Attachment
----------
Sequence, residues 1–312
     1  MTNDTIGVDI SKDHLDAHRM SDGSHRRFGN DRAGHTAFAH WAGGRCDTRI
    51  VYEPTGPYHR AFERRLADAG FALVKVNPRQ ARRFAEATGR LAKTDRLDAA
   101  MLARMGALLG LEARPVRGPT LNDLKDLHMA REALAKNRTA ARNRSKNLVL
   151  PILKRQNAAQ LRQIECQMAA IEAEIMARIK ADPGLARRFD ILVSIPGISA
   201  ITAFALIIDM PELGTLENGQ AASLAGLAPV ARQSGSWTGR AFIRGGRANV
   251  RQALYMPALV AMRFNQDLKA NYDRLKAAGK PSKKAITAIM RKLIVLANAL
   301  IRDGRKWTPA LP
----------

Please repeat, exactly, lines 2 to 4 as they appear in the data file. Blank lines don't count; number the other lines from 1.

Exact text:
     1  MTNDTIGVDI SKDHLDAHRM SDGSHRRFGN DRAGHTAFAH WAGGRCDTRI
    51  VYEPTGPYHR AFERRLADAG FALVKVNPRQ ARRFAEATGR LAKTDRLDAA
   101  MLARMGALLG LEARPVRGPT LNDLKDLHMA REALAKNRTA ARNRSKNLVL